Dust a piece of parchment paper with flour and turn out the dough. Pat the dough into a rectangle (if making round scones, er, hockey pucks like mine) or into two circles, about 1-2″ thick. Using a round cutter, press out scones and lay on a baking sheet with parchment paper making sure to leave at least 1″ of space between each scone. Sprinkle raw sugar over the tops, generously, and bake for 25-35 minutes until just slightly browned.
*I think this Maple Nut Cream from Adrienneats, or a Maple Glaze from The Healthy Green Kitchen would make winning toppers to these guys. They’re more on the biscuit end, so a hit of sweet frosting or glaze would really make these a treat.

Saturday, November 23, 2013

Brussels Sprouts Are In!

I used to live in Santa Cruz, California and being on the coast was a way of life. I realize that now that I live landlocked in the Central Valley. When we go to the coast, I breathe in every bit of it and long for more time in the salt air. Part of my Santa Cruz coastal way of life was hanging out with my friend, Larry, noodling around on farmland north of town. I remember one stormy afternoon, we got into my car and drove a few miles up the coast. When we passed a particular field off of a dirt road, Larry asked me to pull over...he had a favorite spot to show me. I was a little nervous, because the good girl I was, was afraid to trespass. Larry wasn't nervous. He was and still is a risk taker. We parked the car and walked in the pressing wind towards the water. The waves were tremendous walls of white foam crashing hard into the cliffs below and the sky was silver grey. My face and hair were salty as I wrapped myself in a scarf. We sat on the tip of that landform, wind howling, waves crashing, the whole world in front of us. We ran around and when we tired,  Lar took some photos. Then came the brussels sprouts. As we ran down the length of the cliff along the sea and farmland, they appeared like a miniature forest on proud stalks. They were perfect and tough and ready for the pickin'. I had no idea that they grew like that. How could I? I grew up in New Jersey and there were no brussels sprout fields there in the 1970's or ever for that matter. Here in front of me were so many of these tall stalks that I wondered how the farmer would miss a couple of them.  Larry already had his pocket knife out and was sawing through the bottom of  green fibrous stalk.  He handed it to me and I was amazed at how heavy it was. We ran towards the car, stalks over our shoulders like batons. Back and cozy in the car, we drove to Santa Cruz and picked our prize off the stalks. I was giddy with excitement because for one thing, brussels sprouts were (and still are) one of my favorite vegetables and because we had just had an amazingly fortuitous day. Back at the big house, we made a simple meal of sautéed sprouts with olive oil and sea salt. Life at that moment was pure perfection.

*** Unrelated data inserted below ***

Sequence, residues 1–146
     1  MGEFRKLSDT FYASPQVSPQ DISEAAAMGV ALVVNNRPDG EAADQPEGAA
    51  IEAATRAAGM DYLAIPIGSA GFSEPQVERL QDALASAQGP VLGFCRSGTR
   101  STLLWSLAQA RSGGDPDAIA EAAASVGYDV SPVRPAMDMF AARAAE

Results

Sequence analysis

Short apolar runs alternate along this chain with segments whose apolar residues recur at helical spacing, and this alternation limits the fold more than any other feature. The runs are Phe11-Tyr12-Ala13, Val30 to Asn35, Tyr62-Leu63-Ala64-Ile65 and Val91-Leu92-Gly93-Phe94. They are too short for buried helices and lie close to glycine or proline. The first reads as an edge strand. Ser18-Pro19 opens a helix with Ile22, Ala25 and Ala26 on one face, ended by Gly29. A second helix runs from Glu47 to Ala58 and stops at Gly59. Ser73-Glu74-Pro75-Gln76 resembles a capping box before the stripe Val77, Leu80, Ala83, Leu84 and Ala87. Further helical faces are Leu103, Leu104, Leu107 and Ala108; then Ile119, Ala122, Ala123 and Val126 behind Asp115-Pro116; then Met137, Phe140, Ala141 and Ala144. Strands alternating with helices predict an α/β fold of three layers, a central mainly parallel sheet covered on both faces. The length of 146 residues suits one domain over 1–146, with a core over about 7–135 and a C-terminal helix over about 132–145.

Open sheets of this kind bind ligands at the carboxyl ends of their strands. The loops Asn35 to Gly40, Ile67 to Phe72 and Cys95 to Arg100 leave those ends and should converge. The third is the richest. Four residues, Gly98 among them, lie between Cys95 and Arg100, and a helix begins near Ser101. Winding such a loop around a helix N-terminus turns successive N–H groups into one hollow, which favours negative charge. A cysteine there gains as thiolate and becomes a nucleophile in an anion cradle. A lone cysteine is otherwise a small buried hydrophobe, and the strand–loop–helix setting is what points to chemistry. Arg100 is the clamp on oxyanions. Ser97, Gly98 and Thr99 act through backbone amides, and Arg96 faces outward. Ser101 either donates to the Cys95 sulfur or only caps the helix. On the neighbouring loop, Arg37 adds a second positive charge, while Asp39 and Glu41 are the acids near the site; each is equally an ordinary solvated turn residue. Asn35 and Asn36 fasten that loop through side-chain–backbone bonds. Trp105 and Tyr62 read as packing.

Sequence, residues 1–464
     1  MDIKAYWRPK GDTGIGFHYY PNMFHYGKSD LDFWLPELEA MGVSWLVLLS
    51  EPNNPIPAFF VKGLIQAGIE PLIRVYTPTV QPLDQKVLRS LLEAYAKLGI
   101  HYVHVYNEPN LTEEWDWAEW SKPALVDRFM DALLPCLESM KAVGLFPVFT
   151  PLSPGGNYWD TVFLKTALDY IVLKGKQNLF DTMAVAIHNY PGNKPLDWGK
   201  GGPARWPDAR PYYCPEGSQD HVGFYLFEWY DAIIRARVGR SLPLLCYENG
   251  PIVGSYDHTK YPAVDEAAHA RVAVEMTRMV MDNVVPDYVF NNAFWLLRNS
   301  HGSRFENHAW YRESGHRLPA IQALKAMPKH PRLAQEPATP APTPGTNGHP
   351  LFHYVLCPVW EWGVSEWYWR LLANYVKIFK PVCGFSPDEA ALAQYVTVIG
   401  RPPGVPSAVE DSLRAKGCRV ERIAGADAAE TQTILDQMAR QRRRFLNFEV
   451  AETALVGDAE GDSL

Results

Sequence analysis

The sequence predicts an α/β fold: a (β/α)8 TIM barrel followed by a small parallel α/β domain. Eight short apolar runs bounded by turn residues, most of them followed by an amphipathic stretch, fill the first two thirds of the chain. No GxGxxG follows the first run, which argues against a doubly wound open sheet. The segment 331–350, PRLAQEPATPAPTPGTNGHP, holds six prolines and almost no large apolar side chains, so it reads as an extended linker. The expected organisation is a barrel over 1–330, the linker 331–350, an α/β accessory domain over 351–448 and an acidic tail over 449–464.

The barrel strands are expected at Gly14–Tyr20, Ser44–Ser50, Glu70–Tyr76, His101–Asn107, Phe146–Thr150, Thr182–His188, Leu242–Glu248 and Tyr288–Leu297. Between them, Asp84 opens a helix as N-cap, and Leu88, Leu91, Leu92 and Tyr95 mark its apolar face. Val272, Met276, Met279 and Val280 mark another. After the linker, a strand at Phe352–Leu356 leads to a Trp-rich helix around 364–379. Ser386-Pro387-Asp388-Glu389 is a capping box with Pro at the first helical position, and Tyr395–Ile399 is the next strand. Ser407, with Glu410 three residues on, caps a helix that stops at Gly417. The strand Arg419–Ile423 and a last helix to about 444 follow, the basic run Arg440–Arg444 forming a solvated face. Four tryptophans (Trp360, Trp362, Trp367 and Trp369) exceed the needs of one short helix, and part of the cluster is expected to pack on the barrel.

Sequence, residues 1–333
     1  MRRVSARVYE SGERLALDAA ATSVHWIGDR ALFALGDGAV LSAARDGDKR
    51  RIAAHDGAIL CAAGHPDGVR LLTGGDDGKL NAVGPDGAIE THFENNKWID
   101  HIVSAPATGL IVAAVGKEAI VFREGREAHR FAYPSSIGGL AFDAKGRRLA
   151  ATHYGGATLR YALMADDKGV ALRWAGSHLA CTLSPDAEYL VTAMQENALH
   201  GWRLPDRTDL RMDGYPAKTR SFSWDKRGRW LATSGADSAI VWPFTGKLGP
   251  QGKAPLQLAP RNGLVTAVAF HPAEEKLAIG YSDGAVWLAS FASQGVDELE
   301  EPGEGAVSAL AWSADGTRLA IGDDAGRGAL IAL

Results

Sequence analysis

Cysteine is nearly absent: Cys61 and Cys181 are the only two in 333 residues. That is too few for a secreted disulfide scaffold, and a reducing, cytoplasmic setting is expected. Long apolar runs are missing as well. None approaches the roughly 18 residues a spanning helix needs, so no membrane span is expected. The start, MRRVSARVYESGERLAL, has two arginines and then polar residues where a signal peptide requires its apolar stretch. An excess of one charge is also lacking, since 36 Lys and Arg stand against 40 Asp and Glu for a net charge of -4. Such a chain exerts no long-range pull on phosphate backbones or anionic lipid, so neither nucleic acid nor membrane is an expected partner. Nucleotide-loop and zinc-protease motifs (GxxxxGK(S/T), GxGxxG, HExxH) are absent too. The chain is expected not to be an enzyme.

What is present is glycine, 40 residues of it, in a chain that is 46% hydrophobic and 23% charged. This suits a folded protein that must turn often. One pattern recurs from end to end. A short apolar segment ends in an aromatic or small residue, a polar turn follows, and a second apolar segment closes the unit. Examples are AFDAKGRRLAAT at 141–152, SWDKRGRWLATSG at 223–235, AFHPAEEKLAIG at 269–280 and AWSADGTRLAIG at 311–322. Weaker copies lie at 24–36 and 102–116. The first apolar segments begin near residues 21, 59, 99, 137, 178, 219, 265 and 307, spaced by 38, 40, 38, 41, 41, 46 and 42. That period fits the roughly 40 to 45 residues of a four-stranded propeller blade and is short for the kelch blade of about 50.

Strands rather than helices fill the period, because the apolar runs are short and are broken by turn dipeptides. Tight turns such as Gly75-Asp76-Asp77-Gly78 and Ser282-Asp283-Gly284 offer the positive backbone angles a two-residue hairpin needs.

Brussels sprouts are mini cabbages, packed with flavor and goodness. They are in the genus of mustards and are actually edible lateral buds. Brassica oleracea is their species name and they share this with broccoli, cabbage, cauliflower, kohlrabi, kale and have long been popular in Belgium, hence their namesake. They are They were  grown there as early as the 13th century. The first plantings on the Central Coast of California were in the 1920's with significant plantings by the early 1940's. You can find them growing in quantity in San Mateo, Santa Cruz and Monterey Counties where the climate is ideal for them. They are harvested from June to January. California has the most farm space devoted for the sprout, with some grown in Washington State, Mexico and Ontario.

 Brussels sprouts are very healthy mini cabbages with lots of vitamin A, C, folic acid and fiber. They also have purported anti-cancer properties due to the chemicals, sulforaphane (also found in broccoli),  indol-3-carbinol and glucosinolates. These chemicals block the growth of cancer cells. If that weren't enough, these sexy sprouts help bind cholesterol and pull it out of the body. All and all, they are a healthy and delicious addition to your vegetable repertoire. I eat them for breakfast sautéed with a little almond butter. Here is a recipe that can be eaten anytime of day and is simply wonderful.

This is not an exact recipe, so you can play with the amounts of all the ingredients.

Brussels sprouts
Olive oil
Sea salt
Roasted almonds or pecans or walnuts
Balsamic vinegar
Dried cherries

Thoroughly wash the sprouts, cut off the tough bottoms and cut into quarters.
Steam lightly...just for a couple of minutes
Heat a pan and add olive oil (not too hot)
Add sprouts and sauté until somewhat soft, but not mushy
Drizzle in a few drops of vinegar
Add freshly ground salt
Add roasted chopped almonds or other nuts
Add dried cherries
Stir around gently and serve hot

A wonderful recipe for brussels sprout lentil salad can be found on one of my favorite blogs, Happy Yolks